The Tertiary Enabling Program (TEP) is for you if you didn't finish year 12 or didn't achieve an adequate ATAR. It's a free university course that gives you entry into most undergraduate degrees and helps you get into the swing of university at the same time.

A VET course can give you a good ‘taste’ of studying your chosen subject and a solid understanding of key principles which you’ll build upon in your degree. On completion, you can receive credit for prior learning which will enable you to fast-track your university degree.

5. I don't need a degree

That depends.

Studying at university isn’t the only way to success. Ask yourself where you want to be in five years’ time and whether a degree would help you get there. 

When you are starting out in a new industry or in a cluttered job market, having a university qualification behind you can give you some cut-through. In some cases, hundreds of applicants will be going for the one position, so having a solid educational foundation on your resume will help you stand out from the pack. In fact, many recruiters use degree qualifications as a first-stage filter when sorting through applications.

If you already have an undergrad degree and a few years’ professional experience under your belt, but need some extra oomph on your resume, maybe a postgraduate degree might be what you need to shine. Aside from increasing your chances for that next promotion, completing a postgrad qualification can help you stay ahead of the pack by keeping your industry knowledge up to date.

Similarly, if you need to brush up on industry skills (like learning a new technology or honing your leadership skills), why not consider a vocational education and training course? These can be a great addition to your CV and equip you with hands-on skills you can put to use right away. Plus, VET courses are usually shorter than higher education degrees.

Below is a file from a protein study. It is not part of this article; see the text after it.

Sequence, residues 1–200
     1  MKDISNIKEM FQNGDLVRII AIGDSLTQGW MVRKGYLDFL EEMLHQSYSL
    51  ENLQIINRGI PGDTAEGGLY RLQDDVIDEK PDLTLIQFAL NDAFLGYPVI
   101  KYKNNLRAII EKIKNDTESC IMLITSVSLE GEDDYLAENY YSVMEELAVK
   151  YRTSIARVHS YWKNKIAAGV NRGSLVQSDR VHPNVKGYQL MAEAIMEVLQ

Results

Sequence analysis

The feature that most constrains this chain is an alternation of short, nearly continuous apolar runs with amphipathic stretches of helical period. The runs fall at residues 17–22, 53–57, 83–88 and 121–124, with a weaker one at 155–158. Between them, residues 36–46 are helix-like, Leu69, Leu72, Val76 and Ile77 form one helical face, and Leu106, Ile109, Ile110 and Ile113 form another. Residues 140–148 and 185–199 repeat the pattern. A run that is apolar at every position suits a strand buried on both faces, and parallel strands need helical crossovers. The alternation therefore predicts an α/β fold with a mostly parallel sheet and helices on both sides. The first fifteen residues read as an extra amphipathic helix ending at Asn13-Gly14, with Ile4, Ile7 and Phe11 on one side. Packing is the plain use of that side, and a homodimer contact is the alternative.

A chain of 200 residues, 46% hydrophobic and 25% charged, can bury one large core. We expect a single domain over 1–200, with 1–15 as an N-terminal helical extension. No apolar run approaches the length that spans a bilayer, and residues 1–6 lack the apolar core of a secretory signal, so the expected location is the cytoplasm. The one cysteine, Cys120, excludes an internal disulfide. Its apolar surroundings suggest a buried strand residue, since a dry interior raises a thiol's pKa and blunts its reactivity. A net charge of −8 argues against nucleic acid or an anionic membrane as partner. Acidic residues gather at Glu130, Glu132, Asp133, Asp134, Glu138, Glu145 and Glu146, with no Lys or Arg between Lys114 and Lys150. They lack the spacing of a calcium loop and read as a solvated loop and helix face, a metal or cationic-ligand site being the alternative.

6. I can't afford to study

It’s no secret that a university degree is a considerable investment. Aside from the course cost, your income could also take a hit if you need to cut down on your working hours.

If you are wondering whether it is a worthwhile investment from a purely fiscal perspective, first look at what your degree will cost: tuition fees, course material and study supplies and any other costs such as additional childcare, transport or technology, as well as any reduction in your earnings. Then consider what your investment will return in terms of career outlook and earning capacity over five years or so.

If study stacks up financially but the immediate costs are still presenting a hurdle, ask about scholarships that can help with the cost of uni; from grants to cover the costs of books, to full scholarships and allowances.

Scholarships are available for students showing passion and initiative in their fields, for community involvement, and for students who might otherwise be excluded from study due to financial, social or geographic disadvantage - they’re not just for geniuses!

Remember you don’t need to pay your tuition fees upfront. FEE HELP can cover your course costs and you will repay the loan once you start earning above a certain threshold. In addition, some companies offer study subsidies to help with the costs of fees and allow you additional study leave – be sure to check with your employer. 

Are you thinking of studying but have some concerns or just not sure which course is the one for you? Book a call-back appointment and we will contact you to discuss any questions you have.